Demolishing The Myths Behind The War On Cash

Tyler Durden's picture

Authored by Ronald-Peter Stoferle via The Mises Institute,

The attacks on physical cash from a phalanx of economists, central bankers, commercial banks, and politicians have not diminished in recent years. On the contrary, in the face of the worldwide increase in terror attacks, particularly in Europe, and ongoing pressure on public budgets, the cash ban issue is increasingly dragged into the spotlight.

In a highly-recommended study entitled “Cash, Freedom and Crime. Use and Impact of Cash in a World Going Digital,” Deutsche Bank Research demolishes numerous popular myths surrounding cash, inter alia in the context of crime and terrorism.

Without cash there are no longer bank robberies at gun point, instead there are now electronic bank robberies. Fraud involving credit cards and ATM cards is massively increasing in Sweden, the country considered the pioneer of the cashless society.

The argument that adopting a cashless payment system would facilitate the fight against terrorism doesn't hold water either:

As regards terrorism in Europe, an analysis of 40 jihadist attacks in the past 20 years shows that most funding came from delinquents’ own funds and 75% of the attacks cost in total less than USD 10,000 to carry out — sums that will hardly raise suspicions even if paid by card.

Moreover, many terrorists, particularly if they are prepared to risk their own death, won't be deterred by prohibitions, just as stricter gun laws have no impact on people who must use unregistered weapons for their crimes. Often, they are unable to get hold of a weapon by legal means anyway if they have a criminal record. Planned terror attacks are as a rule characterized by a meticulous and careful approach. At best a cash ban might make financing of terrorism more difficult (even that is doubtful), but at the price of subjecting the law-abiding peaceful population at large to even more intrusive surveillance.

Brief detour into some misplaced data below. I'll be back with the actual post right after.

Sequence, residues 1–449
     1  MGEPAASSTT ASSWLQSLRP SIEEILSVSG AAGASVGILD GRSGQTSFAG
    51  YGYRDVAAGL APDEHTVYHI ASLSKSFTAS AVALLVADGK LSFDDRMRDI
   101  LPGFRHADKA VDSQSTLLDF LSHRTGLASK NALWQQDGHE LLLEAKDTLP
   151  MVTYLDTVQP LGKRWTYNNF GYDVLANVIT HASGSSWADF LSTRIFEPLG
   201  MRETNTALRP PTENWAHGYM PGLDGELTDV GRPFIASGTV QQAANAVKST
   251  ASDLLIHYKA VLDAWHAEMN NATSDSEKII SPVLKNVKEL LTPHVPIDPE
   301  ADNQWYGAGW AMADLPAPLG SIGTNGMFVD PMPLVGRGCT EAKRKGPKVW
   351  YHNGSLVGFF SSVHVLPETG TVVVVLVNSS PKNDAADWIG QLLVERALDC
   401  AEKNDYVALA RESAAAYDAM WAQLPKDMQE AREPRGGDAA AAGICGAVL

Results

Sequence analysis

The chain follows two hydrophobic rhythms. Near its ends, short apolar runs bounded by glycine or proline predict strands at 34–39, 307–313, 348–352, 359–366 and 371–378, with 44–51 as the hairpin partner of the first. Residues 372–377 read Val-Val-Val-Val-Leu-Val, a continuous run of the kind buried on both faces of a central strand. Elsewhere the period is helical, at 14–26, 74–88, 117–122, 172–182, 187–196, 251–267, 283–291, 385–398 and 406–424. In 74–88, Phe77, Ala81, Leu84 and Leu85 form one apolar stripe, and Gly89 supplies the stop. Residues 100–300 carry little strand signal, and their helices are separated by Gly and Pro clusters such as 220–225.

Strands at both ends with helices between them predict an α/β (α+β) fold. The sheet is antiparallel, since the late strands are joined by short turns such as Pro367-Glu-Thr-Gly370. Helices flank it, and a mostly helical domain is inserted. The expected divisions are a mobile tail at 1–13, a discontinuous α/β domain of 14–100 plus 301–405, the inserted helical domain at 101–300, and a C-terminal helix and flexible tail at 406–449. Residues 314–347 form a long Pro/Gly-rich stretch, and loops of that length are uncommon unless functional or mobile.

Legislators have passed additional regulations in the past 12 months which at least restrict the use of cash; bans of high-denomination banknotes (e.g., the 500 euro note) and (lower) thresholds for legal cash payments. There are however also technological developments that are significantly reducing the transaction costs of cashless payments and are therefore making cash comparatively unattractive.

In Sweden, an app called “Swish”  introduced by the country's leading banks has revolutionized cashless payments. To this point, the app has been downloaded 5.5 million times. In the Scandinavian country only 2% of all payments are settled in cash these days.

Sweden's central bank expects that this percentage will decline by another three-quarters to 0.5% by the end of the decade. 900 of the 1,600 bank branch offices in the country no longer have any cash in store.

The academic debate continues unabated. A paper that has recently triggered intense debate is the IMF working paper “The Macroeconomics of De-Cashing,” which was published in March 2017.  Its author Alexei Kireyev examines the possible macroeconomic consequences of abolishing cash. His central conclusions are:

  • A cashless payment system would make the monetary policy transmission mechanism more efficient, as there would be very little or no cash available anymore. In particular, it would become possible to implement negative interest rates on a broad front, in order to boost consumption.
  • Since a decline in cash holdings would go hand in hand with an increase in demand deposits at banks, the banking sector would be able to extend more loans. That would lower the level of interest rates and boost economic growth.
  • A sudden increase in the demand for cash is a sign of an imminently impending financial crisis. Shortly before the collapse of Lehman Brothers in September 2008, demand for cash currency increased significantly. That was a sign that bank customers increasingly lost confidence in the solvency and liquidity of commercial banks. This warning signal would no longer be available if cash were abolished.